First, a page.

18 Responses

  1. My guess for its popularity is:
    *can be played outdoors or even better, indoors (when it’s too hot)
    *relatively cheap –you need a hoop, a long open space and basketball
    *invites team camaderie and friendship.
    *sport also offers spectator tv watching so that Saudi fans feel part of the global cheering community. 🙂

    Great! I sincerely hope that Saudis also find 1-2 other loner sports that are popular, since not every one is into team sports. Jogging, yoga maybe? Oh yea, cycling would be a huge stretch, but I welcome more Saudi women enjoying it also, I have for over the last 2 decades.

  2. Wonderful, all girls should get involved in physical activity, team sports like this is even better. Excellent for their physical and mental well being. Best wishes o this org.

  3. Jean, I love cycling too, but a lot of girls in the ME are forbidden to cycle because they are afraid of the fairy tale that it would damage the Holy Hymen.’
    A Hymen is the only thing which gives a girl any market value.

    And, cycling gives you a lot more scope to get around, and that is also very wrong of course, one step further and they would be driving a car!

    I bet beach volleyball would be a great hit…

  4. @aafke

    I love the expression on the face of referee. I somehow think beach volleyball would be a little advanced for the Saudi populace. I could be wrong but I doubt it.

    Women have bodies, get over it! Boys, learn not to salivate if a female passes by, its uncool!

  5. Yes, brilliant photo isn’t it?

  6. Yes excellent photo.

  7. I like the contrast this picture represent. The ladies in hijab looks more professional than the other two girls.

  8. Women have bodies, get over it! Boys, learn not to salivate if a female passes by, its uncool!

    Jerry, noble idea but hardly realistic. Look at the notoriousness of Playboy magazine, I doubt men buy those magazines to learn how to respect women and regard her as equals. The best approach in my humble opinion, is for both men and women to learn a little R-E-S-P-E-C-T. The women to respect her body by the way she handles herself and the ‘boys’ to respect the women as a fellow human being rather than putting her status not more than a mere mating partner.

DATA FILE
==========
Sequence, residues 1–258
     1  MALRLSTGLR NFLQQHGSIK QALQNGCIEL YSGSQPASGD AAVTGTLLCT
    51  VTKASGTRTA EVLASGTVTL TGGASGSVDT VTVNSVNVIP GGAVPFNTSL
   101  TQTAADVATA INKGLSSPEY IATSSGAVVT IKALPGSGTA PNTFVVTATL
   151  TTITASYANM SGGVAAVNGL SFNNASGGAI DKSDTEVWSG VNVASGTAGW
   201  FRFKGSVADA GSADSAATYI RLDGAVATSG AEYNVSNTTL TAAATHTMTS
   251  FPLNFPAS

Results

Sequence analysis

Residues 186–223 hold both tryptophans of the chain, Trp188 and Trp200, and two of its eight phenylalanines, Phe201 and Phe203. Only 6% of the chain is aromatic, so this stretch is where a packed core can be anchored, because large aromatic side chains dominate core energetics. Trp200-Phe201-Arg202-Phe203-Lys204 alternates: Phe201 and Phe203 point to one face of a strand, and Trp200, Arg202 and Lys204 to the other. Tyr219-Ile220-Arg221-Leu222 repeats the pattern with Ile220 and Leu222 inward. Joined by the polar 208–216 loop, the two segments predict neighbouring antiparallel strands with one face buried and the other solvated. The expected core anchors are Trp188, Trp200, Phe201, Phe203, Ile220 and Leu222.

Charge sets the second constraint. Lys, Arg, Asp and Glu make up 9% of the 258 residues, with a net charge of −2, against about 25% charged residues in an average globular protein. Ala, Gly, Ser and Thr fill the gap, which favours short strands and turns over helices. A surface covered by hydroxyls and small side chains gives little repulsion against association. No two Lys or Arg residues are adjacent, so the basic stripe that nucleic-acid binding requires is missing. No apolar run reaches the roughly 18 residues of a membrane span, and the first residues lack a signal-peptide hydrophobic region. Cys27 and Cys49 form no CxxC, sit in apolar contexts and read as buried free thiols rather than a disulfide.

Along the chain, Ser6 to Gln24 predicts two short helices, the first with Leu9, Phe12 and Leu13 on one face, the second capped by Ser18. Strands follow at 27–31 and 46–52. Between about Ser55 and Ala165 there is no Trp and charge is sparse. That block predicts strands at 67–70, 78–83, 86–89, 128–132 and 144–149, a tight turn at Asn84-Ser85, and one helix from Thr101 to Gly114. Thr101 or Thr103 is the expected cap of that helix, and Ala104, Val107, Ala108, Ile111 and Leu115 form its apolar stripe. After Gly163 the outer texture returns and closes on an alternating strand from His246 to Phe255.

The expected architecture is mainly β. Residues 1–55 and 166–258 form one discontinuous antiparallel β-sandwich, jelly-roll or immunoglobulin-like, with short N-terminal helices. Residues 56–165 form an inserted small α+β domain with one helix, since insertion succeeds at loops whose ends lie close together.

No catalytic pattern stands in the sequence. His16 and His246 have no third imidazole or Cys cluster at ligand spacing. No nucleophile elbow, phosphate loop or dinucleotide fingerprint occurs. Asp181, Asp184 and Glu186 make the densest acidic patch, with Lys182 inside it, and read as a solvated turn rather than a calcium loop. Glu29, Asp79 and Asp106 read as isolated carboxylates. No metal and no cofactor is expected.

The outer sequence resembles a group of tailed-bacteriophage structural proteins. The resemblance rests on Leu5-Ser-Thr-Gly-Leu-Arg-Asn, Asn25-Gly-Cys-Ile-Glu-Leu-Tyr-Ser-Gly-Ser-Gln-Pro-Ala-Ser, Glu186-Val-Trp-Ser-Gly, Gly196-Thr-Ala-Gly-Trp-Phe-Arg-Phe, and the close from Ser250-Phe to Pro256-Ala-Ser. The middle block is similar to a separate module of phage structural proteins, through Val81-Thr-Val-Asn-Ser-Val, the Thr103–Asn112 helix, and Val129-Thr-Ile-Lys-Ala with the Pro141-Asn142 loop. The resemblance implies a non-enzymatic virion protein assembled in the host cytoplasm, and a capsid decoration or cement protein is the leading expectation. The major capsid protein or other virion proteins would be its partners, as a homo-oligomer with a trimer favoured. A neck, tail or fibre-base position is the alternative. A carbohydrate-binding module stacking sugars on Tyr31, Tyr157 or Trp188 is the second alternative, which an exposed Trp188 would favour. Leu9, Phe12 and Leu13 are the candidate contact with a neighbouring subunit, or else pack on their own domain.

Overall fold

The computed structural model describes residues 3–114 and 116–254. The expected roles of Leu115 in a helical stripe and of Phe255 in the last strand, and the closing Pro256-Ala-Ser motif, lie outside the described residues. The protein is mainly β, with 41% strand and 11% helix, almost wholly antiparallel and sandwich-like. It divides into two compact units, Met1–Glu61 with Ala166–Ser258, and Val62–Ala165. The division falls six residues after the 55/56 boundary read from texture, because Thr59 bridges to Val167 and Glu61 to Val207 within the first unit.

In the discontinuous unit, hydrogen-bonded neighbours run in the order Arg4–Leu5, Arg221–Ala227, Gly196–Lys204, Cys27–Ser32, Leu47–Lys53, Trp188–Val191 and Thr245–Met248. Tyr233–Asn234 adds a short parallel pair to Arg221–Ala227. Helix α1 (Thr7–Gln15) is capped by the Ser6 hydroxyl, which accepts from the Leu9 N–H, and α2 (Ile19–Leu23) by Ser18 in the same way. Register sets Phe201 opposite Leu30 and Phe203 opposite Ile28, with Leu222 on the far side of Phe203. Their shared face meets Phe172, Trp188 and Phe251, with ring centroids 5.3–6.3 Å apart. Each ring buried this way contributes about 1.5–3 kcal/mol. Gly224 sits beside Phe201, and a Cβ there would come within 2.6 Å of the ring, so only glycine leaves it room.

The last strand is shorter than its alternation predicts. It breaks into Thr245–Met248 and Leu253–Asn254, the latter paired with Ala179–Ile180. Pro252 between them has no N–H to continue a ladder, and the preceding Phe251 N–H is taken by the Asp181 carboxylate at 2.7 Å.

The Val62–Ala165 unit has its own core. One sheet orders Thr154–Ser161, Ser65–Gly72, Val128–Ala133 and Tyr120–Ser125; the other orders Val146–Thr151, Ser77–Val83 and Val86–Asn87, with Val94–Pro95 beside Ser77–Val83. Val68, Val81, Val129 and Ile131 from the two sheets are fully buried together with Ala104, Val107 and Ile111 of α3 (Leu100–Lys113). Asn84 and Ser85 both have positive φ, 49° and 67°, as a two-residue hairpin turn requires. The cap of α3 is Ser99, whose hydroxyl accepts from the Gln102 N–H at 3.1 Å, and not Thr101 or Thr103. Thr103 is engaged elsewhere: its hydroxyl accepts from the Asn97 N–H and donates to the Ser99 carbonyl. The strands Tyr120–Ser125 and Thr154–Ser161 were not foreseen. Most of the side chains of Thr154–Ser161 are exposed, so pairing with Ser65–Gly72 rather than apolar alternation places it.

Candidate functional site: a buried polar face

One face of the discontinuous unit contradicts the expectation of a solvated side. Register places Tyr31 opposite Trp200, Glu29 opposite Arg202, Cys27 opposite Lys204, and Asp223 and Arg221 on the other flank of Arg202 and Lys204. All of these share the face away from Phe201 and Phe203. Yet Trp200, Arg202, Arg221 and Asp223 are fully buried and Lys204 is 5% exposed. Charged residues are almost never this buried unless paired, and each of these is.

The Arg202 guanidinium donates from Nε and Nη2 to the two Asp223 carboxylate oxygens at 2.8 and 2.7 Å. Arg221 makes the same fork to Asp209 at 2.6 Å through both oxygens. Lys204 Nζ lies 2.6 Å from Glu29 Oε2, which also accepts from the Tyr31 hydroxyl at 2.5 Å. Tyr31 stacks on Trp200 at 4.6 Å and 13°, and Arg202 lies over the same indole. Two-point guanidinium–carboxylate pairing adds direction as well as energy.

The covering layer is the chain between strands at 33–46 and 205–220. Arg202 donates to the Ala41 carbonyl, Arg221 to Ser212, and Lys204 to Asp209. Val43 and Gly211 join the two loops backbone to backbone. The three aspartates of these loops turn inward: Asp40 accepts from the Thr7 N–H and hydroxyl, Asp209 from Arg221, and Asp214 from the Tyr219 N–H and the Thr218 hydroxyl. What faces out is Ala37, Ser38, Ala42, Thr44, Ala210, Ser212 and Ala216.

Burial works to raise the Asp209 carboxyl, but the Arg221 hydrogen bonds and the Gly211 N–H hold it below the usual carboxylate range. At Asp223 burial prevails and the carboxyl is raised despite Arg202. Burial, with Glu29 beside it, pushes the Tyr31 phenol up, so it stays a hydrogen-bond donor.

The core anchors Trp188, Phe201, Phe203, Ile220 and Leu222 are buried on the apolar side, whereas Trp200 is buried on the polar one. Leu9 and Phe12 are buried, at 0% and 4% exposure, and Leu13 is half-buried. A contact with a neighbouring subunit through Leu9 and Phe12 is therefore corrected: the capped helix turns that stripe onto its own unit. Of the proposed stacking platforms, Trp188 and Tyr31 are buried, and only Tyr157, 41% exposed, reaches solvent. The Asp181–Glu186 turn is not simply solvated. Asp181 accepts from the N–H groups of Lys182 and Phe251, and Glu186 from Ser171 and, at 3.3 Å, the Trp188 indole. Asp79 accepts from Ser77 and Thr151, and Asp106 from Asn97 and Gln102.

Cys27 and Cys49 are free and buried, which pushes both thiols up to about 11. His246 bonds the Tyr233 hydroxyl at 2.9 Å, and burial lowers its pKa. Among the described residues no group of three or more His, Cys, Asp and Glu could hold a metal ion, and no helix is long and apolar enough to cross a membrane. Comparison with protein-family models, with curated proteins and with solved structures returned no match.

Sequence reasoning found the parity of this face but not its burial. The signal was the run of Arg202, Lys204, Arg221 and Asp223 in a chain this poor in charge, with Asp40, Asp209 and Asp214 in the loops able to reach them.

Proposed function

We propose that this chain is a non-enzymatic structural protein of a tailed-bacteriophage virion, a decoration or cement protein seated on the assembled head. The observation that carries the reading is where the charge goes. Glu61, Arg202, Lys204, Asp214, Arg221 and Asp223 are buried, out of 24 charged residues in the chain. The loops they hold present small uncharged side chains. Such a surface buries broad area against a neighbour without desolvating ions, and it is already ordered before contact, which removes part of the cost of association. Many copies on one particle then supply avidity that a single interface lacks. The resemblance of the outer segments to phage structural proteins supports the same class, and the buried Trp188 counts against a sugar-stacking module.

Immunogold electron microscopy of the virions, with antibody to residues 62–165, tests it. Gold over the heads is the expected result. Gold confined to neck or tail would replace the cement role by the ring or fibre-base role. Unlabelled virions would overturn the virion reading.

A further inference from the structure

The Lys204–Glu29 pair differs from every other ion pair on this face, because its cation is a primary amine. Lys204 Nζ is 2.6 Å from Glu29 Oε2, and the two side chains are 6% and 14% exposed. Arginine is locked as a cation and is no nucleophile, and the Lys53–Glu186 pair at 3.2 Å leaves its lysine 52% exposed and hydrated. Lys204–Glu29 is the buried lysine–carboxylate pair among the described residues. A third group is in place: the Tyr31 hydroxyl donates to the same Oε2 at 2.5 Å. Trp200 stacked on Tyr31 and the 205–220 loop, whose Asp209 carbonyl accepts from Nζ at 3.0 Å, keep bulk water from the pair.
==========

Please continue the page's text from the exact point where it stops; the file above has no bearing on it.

9. @MrsB,

    Have you heard of the saying “we get Playboy for the great articles”

    They do have great writers, but you may also argue that they also have a good photography staff 🙂

  10. By the way, for runners extra clothes will impact their ability to compete. The hijab will create wind resistance and impede body motion. In a sport where a winner is decided by fractions of a second, the professional dress is one that optimizes the time for the runner. Hence, the smallest and tightest clothes are more professional dress as it is the attire which allows the runner to get her job done the best.

  11. I would not know about their great articles Moq but judging from your comment you would know better. I do know based on reputation, Playboy equates women next to no more than items of sexual pleasure hence my comment to Jerry that his idea is noble but unrealistic if Playboy has anything to do with it.

  12. at this time in my opinion, saudi women are not likely to get an olympic medal and they dont need to either. they will whentime comes. allt hey require is the ability to play and be active and have a healthy outlet that sports provide. nothing can substitute that.
    so if it takes wearing a hijab and playing basketball or even an abaya and have reduced ability to run, as long as they are allowed to play and as long as the message spreads that sports is a good thing and not something that will deter their marriage prospects and is haram then i’d say it’s 100% success.

    Eventually they will break barriers or maybe not, thats besides the point.
    maybe they will never win an international meet but again who cares. it’s certainly better than sitting at hom and eating or strolling ina shopping mall doing zilch.

  13. My point is that it is the job of the man not to do anything more than look. On a typical beach in summer many women are dressed no differently than the women in the photo. It may be hard for sex obsessed Saudis to believe but the beaches aren’t in a continuous orgy of sexual tension. There is nothing wrong with modesty but the lengths that Saudi society goes to impose modesty on only one segment of society are ridiculous.

  14. … typical beach in any Western country

  15. I agree with Jerry and Moq.

  16. You agree that Playboy has great articles? Phew!

  17. There is nothing wrong with modesty but the lengths that Saudi society goes to impose modesty on only one segment of society are ridiculous.

    This is too true!

  18. Never looked at a PLayboy so I can’t comment on the articles. Of course I meant I agree that to be dressed appropriate to the job, and the climatic circumstances, is to be looking professional.

    To me, just me personally you know, a hijab has nothing to do with professionalism, but everything with religion, which again (to me) is an advertisement that the person in question believes in a lot of misogynist fairy tales, that they are a person of ”faith” therefore will believe virtually any nonsense on no evidence at all, and is not very good in logical and rational thinking.